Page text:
Read your canner's instructions, memorize them if you need to. And yes you really need to use a canner for this, not just a pressure cooker. Sometimes pressure cookers just don't hold pressure as well as a canner will and can give a false sense of having killed off the stuff that causes spoilage. Canners were made to do this! And if you really want to be sure your canner is operating properly, contact your extension office and they can test it for you. If you have a dial gauge you need to see them every year anyway to be on the safe side to make sure your dial is still working properly.
I'll assume you know the procedure for preparing your jars and lids. What we do next is fish the potatoes out of the soaking water and blanch them for 2 minutes in boiling water, then drain and hot pack them in jars. There's a reason why the instructions say to blanch. If you don't, if you decide to raw pack, you will end up with a bit of excess starch in your jar that will congeal as your potatoes wait on you to pull them out and use them. This can be rinsed right off, it's not going to hurt you or anything, it's just icky looking and scares the crap out of people. Either way you decide you now need to fill the jars with boiling water. Use fresh water for this or you get the congealed mass later. 1" head space please!
Clean off the rims, lid up and load up your canner, which has been patiently waiting on you to hurry up with the whole process and heating up your kitchen. Vent the canner 10 minutes (yes, do this, don't skip, helps equalize the pressure within the jars and food more evenly as the canner is heating up so that you don't have spoilage). Process quarts for 40 minutes, pints for 35. Once time has been reached let the canner come back to no pressure naturally, yes another step to not miss because releasing the pressure too fast can cause jars to explode, lids to leak internal liquids, and other mayhem that can lead to spoilage. Once back to no pressure, let it sit there for a couple minutes so that they can drop temp a little. Then unload onto towels for cooling. Use cotton towels here if you can and double them up. These jars are hot enough to melt plastic and harm counter tops! Yeah, I had a poly blend dish towel that was stuck to the bottom of a jar the first time I used the pressure canner last year. Learned that lesson the hard way!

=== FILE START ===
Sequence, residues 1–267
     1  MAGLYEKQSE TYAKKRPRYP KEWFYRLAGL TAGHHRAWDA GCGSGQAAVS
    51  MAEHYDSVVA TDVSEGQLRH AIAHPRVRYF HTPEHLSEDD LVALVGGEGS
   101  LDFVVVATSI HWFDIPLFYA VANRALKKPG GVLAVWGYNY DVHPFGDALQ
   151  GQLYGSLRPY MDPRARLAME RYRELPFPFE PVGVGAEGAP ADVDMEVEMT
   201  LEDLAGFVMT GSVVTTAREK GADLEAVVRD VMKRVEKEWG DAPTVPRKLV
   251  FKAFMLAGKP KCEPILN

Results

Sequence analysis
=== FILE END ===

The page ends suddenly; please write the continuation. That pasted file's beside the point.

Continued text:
Now for the questions I know are going to come..... why are they bubbling? Well the contents are out gassing, during the pressure treating of the food air finds its way into things it normally can't and once the pressure is released it has to come out plus the food already has some air in it and the vacuum of the jar just sucks it right out. Think of it like the bends for divers, they have to go through depressurization after a deep dive to keep the dissolved air from bubbling back out into their blood. Those jars basically have the bends ;) They'll bubble for about an hour or so while their temps come down.
Why is there less water in there that before? Couple reasons actually. First is the potatoes absorbed some of it to replace all the air that was hidden in them. Then there's the possibility that you filled the jar with too much liquid, happens to the best of us and as long as the jar seals it's fine.
Once the lids seal and the jars are completely cooled move them to the pantry or other storage. If a lid doesn't seal, toss the jar in the fridge and use as soon as possible.
Now as for my potatoes... 20 pounds or so landed me 19 quarts.
I even cut 2 quarts of those into 'fries' (the 2 in front) based on a little tip I found in the comments section of another canning blog. See here: Canning Granny She has really nice step by step directions with pictures for hers if you need some hand holding to do this!
Now if these start looking off to you, toss them. If you crack open a jar and it smells off, toss them. If the lid pops up or off, toss them. Not worth your life or someone else!